If you visited my Oklahoma grandmother back in the day, you were likely to dine on ham loaf, potatoes Romanoff and some sort of funky Jell-O salad.
The Food House, located at the former food-court entrance in Eastgate Town Center, bills itself as "A Return to Grandma's Kitchen."
Convenient to businesses in Eastgate, the restaurant offers an alternative to the area's fern bars, Chinese buffets and takeouts, a melange of Mexican diners and fast-food joints offering up chicken, burgers and sandwiches.
Indeed, The Food House's website bills it as "the only home-style cooking in the Brainerd area."
However, a recent lunch visit to the restaurant made me miss my late grandmother.
IF YOU GO
Where: The Food House, Eastgate Town Center (Food Court entrance).
Hours: 7 a.m.-10:30 a.m. (breakfast) Monday-Friday, 11 a.m.-4 p.m. (lunch) Monday-Friday, 9 a.m.-3 p.m. Saturday.
Price range: 65 cents (one egg)-$11.25 (Big Breakfast).
The breakfast menu -- probably quite popular for early Eastgate office workers -- affords various biscuits, omelets, pancakes, French toast, meat-and-egg plates and build-your-own hash browns or home fries. The array ranges from one biscuit (69 cents) to a Big Breakfast of eggs, two meats each of sausage, bacon and ham, hash browns and two biscuits with gravy ($11.25).
The lunch offers a good variety of appetizers ($4.99-$6.50), sandwiches ($3.99-$7.75) and salads ($3.50-$9.25), plus burgers, wraps and a build-your-own hot dog. Most sandwiches come with chips and a pickle, and chicken can be added to a couple of the salads.
There also are regular fries, sweet potato fries and fried pickles, jalapeno poppers and corn nuggets.
When it comes to a place that advertises itself as the home of home-style cooking, though, the daily plate lunch ($5.75 for a meat and two sides or $5.20 for four veggies) is likely to tell the tale.
I'm a sucker for meatloaf -- my wife's, for instance, is good -- so I opted for meatloaf with okra and coleslaw on my plate lunch. I left off the included roll or cornbread because I'm not much of a bread guy.
My younger brother chose turkey with gravy, dressing (as a side), macaroni and cheese, and roll.
The meatloaf appeared to be underdone and had the consistency of browned raw hamburger -- a little past the patted-together stage. It was chewy and had little flavor.
The okra was fried, but barely, and was lacking any cornmeal breading or spices that distinguished it. The slaw, said to be homemade, was of the creamy variety but was soupy, slightly sweet and not to my liking.
The slice of chocolate cake I added to my meal was small for the price ($2) and dry to the taste.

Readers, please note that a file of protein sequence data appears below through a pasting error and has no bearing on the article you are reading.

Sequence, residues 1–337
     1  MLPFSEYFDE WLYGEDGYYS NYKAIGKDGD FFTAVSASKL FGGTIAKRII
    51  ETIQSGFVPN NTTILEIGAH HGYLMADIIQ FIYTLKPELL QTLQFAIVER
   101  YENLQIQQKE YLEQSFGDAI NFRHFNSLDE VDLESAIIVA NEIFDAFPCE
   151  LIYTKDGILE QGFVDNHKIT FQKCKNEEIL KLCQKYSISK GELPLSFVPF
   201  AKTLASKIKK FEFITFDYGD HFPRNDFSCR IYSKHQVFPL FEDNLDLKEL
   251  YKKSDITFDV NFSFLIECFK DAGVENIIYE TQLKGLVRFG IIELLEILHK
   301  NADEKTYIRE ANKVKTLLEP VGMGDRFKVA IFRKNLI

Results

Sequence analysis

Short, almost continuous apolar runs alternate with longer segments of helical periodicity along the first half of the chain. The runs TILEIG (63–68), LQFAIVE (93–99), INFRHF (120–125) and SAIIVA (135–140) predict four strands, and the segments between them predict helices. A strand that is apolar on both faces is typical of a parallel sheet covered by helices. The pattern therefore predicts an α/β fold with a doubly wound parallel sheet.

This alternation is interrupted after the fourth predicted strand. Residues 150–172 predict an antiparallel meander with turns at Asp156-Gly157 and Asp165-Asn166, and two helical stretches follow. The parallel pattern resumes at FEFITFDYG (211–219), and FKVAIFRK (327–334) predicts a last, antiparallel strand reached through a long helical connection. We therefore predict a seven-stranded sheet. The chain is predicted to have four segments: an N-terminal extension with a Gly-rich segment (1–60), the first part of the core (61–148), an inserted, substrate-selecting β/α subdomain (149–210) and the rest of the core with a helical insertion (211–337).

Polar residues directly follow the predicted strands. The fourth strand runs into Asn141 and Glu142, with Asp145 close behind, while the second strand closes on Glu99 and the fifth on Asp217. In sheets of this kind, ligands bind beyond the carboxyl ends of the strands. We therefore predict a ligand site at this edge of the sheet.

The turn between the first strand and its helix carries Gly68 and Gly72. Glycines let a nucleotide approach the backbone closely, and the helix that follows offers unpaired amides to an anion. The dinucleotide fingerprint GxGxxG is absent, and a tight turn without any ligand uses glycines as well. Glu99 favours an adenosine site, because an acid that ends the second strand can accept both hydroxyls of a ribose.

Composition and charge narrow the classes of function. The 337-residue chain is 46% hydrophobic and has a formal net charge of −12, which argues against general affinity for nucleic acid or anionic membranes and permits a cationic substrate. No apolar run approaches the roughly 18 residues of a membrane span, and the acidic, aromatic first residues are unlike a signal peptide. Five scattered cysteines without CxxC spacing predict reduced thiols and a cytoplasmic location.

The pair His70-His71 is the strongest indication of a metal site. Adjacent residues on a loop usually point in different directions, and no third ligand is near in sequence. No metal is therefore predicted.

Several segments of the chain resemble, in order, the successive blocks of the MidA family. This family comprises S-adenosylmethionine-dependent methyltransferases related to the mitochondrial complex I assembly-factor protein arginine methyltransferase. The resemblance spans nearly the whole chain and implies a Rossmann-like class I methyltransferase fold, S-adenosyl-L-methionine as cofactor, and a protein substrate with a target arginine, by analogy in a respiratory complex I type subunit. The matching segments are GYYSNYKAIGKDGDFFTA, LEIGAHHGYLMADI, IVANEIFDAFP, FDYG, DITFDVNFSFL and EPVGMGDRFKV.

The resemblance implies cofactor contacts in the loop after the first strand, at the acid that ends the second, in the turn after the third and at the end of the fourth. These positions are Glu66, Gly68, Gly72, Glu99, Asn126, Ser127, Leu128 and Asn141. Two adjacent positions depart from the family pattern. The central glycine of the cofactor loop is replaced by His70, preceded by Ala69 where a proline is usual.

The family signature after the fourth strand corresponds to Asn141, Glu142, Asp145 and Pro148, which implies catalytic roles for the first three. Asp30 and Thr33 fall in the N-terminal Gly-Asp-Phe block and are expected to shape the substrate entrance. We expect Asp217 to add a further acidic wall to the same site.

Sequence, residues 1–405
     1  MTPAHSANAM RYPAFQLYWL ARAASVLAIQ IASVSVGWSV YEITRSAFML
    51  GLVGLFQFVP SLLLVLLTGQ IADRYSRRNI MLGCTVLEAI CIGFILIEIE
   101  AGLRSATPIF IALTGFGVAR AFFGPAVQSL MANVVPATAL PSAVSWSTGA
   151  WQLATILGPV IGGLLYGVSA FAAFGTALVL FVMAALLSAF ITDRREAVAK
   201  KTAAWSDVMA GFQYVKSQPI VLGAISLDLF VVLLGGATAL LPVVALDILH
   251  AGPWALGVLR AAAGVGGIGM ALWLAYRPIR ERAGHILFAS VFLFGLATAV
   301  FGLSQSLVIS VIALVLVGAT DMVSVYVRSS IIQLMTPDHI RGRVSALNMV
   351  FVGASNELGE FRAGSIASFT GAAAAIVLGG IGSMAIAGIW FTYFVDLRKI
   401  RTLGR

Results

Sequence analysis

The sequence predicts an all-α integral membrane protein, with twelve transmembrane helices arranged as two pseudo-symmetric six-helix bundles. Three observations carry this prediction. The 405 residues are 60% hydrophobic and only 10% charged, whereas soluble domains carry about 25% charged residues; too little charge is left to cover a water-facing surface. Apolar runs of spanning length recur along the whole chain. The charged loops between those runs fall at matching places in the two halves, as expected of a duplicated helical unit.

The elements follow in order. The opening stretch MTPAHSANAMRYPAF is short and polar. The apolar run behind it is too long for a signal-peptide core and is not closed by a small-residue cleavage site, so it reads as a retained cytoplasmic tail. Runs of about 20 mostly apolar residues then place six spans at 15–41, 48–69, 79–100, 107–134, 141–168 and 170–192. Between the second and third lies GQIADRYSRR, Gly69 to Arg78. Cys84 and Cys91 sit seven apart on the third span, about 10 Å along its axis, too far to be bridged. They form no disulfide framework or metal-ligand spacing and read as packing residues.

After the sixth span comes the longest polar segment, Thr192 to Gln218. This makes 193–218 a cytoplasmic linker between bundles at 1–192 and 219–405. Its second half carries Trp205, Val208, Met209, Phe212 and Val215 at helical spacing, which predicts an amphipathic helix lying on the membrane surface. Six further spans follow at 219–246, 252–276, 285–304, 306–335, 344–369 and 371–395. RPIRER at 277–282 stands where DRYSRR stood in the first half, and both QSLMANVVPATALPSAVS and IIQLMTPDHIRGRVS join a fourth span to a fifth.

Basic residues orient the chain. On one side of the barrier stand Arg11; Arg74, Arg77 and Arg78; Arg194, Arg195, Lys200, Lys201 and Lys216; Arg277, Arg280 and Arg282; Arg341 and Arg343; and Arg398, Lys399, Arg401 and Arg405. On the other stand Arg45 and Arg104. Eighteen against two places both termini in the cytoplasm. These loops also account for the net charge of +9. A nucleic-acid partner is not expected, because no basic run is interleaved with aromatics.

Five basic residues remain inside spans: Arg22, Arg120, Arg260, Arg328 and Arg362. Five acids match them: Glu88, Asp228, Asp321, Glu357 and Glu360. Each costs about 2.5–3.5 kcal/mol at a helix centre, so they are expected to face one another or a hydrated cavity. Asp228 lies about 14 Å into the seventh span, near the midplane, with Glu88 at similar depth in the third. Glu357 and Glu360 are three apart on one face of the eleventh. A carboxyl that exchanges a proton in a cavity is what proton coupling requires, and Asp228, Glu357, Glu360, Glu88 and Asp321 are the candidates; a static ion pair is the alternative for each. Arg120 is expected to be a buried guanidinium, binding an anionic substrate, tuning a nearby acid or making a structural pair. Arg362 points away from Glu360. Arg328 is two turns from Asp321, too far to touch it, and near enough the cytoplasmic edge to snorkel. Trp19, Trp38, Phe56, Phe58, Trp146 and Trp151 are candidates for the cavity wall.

My brother, on the hand, enjoyed his meal. The turkey, he said, was a little odd, but he liked the dressing and the mac and cheese. I sampled both sides and found them passable. He took one bite of the roll and proclaimed it as hard as a basketball. I also tried the brownie that he added to his meal, and it was the best of everything I tasted.
You order at a front counter, give your name, and your order is delivered to your table in a foam container with plasticware. The drinks are self-serve. We were told it would be "two or three minutes" before our meals were up, but it was considerably longer than that. Mine also was missing a side, a problem I remedied by returning to the counter.
The Food House has both an outside-mall wall and inside entrance, so it enjoys as much of a presence as anything in the middle of the mall would (it's on the Brainerd Village side). Inside, seating is available at seven white wooden tables. Additional seating is also available in the mall corridor. The yellow-painted and dark paneled walls, large plants, lacelike curtains, filled china cabinet and wall-mounted kitchen items give the place the home-style look it apparently desires. A wall-mounted television was turned up a bit too loud to make conversation pleasant.
My meat-and-two plate was not tasty enough to make me go out of my way to go again, but if I was in the area to meet someone, I'd give their breakfast or one of their sandwiches a try. For now, I'm going to try to find my grandmother's recipe for ham loaf.
Clint Cooper is the faith editor and a staff writer for the Times Free Press Life section. He also has been an assistant sports editor and Metro staff writer for the newspaper. Prior to the merger between the Chattanooga Free Press and Chattanooga Times in 1999, he was sports news editor for the Chattanooga Free Press, where he was in charge of the day-to-day content of the section and the section’s design. Before becoming sports ...
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